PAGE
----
They're not dropping over left and right in Europe, so Poland's famous bison grass vodka finally has been introduced directly into the U.S. market, beginning with outlets in New York, New Jersey, Connecticut and Chicago.
It took a few centuries, since this particular type of vodka has been made in Poland since the 1600s — well before the U.S. was founded, so we can't count the first hundred years or so against the Poles.
Zubrowka Bison Grass Flavored Vodka is made with the rare aromatic herb grass, packaged in a 750ml bottle and sold at a suggested retail price of $26. Zubrowka is the only distiller using the grass, and the finished product has long been a European market favorite.
In a statement announcing the availability, the company said the vodka "originated in the early 14th century as a local specialty from the Bialowieza forest region, which today is Europe's last remaining primeval forest, relatively untouched by civilization and pollution. The secretive Bialowieza Forest, located deep in northeastern Poland, remains home to the largest population of European bison, and the storied, aromatic bison grass on which the herd of 400 feeds. Bison grass cannot be grown artificially, and production of authentic Zubrowka vodka has remained unchanged for centuries."
So, why the comment about people dropping over? Well, as soon as I posted a news note on my main Web site about the vodka's arrival, reader Erik Flannestad of San Francisco e-mailed this query: "It was my understanding that the FDA wouldn't allow true bison grass vodka to be imported into the U.S. because it contains coumarin. Has the FDA changed its rules?"
Coumarin, for those unfamiliar with the name, is a chemical compound also known as benzopyrone. In certain concentrations it is highly toxic. It has been found in bison grass, tonka beans, vanilla extract and even cigarettes. Its scent, usually described as "new-mown hay," is a pleasant, sweet one which had led to its use in perfumes since the 1800s.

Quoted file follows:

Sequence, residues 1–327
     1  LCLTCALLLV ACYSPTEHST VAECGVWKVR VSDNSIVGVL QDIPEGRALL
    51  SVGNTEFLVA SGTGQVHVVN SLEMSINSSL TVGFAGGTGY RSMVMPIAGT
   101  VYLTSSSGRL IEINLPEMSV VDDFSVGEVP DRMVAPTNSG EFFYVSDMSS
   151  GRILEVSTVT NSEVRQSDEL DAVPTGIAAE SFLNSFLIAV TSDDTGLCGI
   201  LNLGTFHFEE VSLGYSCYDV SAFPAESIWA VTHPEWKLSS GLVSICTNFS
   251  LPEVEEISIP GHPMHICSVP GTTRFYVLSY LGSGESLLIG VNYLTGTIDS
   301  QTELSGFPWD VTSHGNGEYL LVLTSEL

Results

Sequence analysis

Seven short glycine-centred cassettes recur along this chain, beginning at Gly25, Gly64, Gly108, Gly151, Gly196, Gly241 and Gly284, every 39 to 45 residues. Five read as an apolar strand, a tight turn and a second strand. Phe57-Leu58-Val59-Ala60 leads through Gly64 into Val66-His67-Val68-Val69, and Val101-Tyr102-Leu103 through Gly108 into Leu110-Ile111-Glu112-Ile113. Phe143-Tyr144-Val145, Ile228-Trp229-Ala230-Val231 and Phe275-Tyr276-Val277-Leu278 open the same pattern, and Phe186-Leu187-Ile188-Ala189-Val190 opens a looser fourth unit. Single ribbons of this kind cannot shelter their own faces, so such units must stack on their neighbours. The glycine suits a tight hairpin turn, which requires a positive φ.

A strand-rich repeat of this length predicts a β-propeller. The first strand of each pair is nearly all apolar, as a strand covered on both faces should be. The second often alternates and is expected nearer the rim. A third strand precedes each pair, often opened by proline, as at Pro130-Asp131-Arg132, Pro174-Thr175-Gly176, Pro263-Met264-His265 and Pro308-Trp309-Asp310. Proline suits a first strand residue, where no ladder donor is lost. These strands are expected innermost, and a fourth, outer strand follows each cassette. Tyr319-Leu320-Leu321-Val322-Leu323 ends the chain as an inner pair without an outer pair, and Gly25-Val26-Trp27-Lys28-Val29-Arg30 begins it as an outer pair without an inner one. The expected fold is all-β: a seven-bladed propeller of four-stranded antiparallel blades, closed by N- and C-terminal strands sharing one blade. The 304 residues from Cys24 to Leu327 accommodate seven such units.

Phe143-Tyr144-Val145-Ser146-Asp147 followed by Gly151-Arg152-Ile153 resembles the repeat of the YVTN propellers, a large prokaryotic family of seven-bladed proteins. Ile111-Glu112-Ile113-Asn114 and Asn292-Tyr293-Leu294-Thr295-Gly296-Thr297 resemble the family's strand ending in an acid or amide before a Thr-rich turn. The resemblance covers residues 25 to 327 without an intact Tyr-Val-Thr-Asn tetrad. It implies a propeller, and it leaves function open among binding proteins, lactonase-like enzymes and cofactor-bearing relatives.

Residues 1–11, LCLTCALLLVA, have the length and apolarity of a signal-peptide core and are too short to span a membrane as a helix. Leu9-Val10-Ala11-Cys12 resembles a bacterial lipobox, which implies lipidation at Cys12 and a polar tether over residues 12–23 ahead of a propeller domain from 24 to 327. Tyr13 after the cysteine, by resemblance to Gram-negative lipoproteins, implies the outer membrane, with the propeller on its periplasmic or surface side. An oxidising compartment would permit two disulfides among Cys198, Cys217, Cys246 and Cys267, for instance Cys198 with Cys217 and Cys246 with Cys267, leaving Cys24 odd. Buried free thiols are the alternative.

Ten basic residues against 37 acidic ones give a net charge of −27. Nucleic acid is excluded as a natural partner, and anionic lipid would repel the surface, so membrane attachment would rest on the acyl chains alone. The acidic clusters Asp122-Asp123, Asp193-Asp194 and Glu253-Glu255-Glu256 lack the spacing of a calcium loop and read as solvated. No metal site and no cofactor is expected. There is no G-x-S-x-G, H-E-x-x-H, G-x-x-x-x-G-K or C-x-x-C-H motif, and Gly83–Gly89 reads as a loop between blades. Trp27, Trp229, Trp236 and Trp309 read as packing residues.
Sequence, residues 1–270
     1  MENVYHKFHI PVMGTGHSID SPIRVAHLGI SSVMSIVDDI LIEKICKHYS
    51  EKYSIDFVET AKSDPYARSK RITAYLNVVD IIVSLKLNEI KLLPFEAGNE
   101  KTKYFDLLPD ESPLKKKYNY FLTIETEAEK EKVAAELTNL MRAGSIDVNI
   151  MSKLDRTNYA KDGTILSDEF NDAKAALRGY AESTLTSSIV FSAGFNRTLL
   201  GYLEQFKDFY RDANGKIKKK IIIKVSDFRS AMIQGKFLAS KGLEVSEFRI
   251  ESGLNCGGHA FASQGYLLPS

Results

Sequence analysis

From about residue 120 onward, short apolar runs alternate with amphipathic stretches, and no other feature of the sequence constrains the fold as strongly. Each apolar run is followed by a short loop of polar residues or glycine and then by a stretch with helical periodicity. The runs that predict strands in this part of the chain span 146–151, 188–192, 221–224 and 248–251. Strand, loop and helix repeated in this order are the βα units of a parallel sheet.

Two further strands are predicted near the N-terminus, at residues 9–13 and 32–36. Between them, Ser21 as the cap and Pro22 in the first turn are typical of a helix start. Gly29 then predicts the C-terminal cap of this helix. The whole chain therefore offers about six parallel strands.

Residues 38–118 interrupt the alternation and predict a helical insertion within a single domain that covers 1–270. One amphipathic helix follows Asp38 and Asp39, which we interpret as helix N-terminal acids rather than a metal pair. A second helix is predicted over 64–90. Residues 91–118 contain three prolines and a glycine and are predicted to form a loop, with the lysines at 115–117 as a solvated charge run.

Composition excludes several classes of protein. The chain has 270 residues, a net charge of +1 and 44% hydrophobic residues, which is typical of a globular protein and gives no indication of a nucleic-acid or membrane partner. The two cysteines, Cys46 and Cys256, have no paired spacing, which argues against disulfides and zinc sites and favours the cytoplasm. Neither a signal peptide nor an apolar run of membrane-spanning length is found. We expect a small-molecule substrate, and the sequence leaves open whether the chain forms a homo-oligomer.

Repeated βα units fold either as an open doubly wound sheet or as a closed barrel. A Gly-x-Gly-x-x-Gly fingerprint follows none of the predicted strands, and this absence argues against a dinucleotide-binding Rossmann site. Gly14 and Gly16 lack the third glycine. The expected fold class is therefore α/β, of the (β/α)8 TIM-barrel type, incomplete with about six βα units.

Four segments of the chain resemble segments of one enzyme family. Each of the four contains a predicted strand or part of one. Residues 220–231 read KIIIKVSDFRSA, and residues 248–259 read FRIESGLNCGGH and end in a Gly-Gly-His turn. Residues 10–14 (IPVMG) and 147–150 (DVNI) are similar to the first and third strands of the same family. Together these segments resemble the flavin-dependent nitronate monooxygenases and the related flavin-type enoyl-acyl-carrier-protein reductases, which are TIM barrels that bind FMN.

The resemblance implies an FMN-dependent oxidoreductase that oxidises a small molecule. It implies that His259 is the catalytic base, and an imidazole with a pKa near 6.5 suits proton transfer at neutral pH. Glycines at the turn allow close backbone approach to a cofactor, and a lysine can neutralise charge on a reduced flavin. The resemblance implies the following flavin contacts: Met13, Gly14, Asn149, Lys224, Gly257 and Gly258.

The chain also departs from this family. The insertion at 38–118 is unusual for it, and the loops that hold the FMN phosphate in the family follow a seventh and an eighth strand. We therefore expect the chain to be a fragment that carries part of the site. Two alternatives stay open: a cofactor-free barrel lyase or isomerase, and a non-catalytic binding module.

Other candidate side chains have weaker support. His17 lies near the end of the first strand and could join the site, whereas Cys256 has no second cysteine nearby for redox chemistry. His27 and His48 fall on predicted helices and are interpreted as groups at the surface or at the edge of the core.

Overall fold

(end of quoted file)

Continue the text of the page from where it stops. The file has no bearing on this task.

The U.S. government has long had rigid restrictions — but not an overall, outright ban — on imported goods containing coumarin. Coumarin itself is used in medical products such as anti-coagulants.
As restrictions have been eased in recent years on various imports, principally from India and South Korea, with no apparent ill effects, globally coumarin is being viewed with less suspicion.
I checked with the Pesticide Action Network North America's PAN Pesticides Database, which says coumarin is not banned by the Environmental Protection Agency (EPA) or by any government agency.
MORE NEW PRODUCTS: If you're looking for some more new spirits for the holiday season, here are a few just on the market:
— Bambu Rum: David Kanbar's experience at Skyy Vodka (as an executive for the enterprise founded by his uncle) let him know a start-up spirit is possible even in a crowded market. So, he created this "rum for vodka drinkers," as he terms it. It's quadruple distilled and triple filtered in the British West Indies to remove any impurities that cause vodka headaches for some people. It is made in tiny batches and packaged in a fancy-schmancy bottle with a suggested retail price of $47.99.
— TOZ Rum: St. Lucia Distilleries named this new offering for the "troy ounce," the measurement usually used for weighing precious metals. TOZ, like all St. Lucia rums and rum liqueurs, is made from molasses shipped in from Guyana. It is a blend of rums from two to seven years old, distilled in copper alambic pot and continuous stills, then aged in American white oak barrels and, finally, finished in vintage port casks. Suggested retail price: $23 for a 700ml bottle.
— Boomerang Vodka: This product from Foster's Wine Estates in Australia is a charcoal-filtered distillation made from Chardonnay grapes. It is being marketed in a joint venture with Chris Williams, who also owns Wattle Creek Winery in Sonoma, Calif. Suggested retail price: $19.99 for a 750ml bottle.
(William M. Dowd covers the beverage world at BillDowd.com.)
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